Newsletter for Office of Scientific and Technical Information

OSTI.gov Newsletter

Citations to Journal Articles from Energy Frontier Research Centers Now Available on OSTI’s SciTech Connect

Energy Frontier Research Centers map displaying 46 EFRCs in 35 states plus the District of Columbia. $2 to $5 million per year per center. ~850 Senior Investigators; ~2000 students, postdoctoral fellows, and technical staff; ~115 institutions. Citations to more than 2,400 journal articles by researchers at the Department of Energy (DOE) Office of Science’s suite of Energy Frontier Research Centers (EFRCs) are now available on the OSTI SciTech Connect database (go directly to the EFRC citations that have been added to SciTech Connect). Included are citations to 43 EFRC videos.

The 46 EFRCs are major collaborative research efforts to accelerate high-risk, high-reward fundamental research that will provide a strong scientific basis for transformative energy technologies of the future. The EFRCs have world-class teams of researchers, often from multiple institutions, bringing together leading scientists from universities, national laboratories, nonprofit organizations, and for-profit firms. The EFRCs provide an important bridge between basic research and energy technologies and complement other research activities funded by the Department of Energy.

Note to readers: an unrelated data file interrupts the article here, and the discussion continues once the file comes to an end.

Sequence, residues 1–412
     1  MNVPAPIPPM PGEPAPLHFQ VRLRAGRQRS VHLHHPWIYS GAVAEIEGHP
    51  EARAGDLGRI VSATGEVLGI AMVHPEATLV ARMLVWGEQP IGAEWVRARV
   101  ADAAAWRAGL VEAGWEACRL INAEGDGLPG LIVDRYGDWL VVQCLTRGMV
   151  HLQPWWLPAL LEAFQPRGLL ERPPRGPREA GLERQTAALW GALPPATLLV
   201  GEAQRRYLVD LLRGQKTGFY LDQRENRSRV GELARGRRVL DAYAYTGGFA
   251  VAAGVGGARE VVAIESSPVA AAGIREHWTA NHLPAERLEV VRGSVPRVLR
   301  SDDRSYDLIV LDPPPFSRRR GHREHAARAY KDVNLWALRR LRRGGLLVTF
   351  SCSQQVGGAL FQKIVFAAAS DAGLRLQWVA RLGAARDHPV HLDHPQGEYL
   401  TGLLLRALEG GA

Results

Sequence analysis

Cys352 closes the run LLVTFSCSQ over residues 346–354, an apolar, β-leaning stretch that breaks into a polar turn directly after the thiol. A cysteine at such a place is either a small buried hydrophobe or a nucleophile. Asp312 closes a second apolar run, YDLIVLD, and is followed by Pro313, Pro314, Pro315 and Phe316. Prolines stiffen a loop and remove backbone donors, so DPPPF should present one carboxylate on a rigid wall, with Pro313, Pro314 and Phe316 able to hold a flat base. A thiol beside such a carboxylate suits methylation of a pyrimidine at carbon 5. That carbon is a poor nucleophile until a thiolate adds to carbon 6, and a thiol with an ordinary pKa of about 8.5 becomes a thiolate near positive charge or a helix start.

The Centers were selected in 2009 by scientific peer review and funded at $2 million – $5 million per year for a 5-year initial award period, subject to Congressional appropriations. These integrated, multi-investigator Centers are tackling some of the toughest scientific challenges hampering advances in energy technologies. The 46 EFRC awards span the full range of energy research challenges described in the Basic Energy Sciences series of workshop reports in which the community defined basic research that is needed to enable advances related to clean energy technologies, including: solar energy utilization, clean and efficient combustion, electrical energy storage, carbon capture and sequestration, advanced nuclear systems, catalysis, materials in extreme environments, hydrogen science, solid state lighting, and superconductivity.

More information about the EFRCs can be found at http://science.energy.gov/bes/efrc/. The EFRCs are supported by DOE’s Office of Science, Basic Energy Sciences program.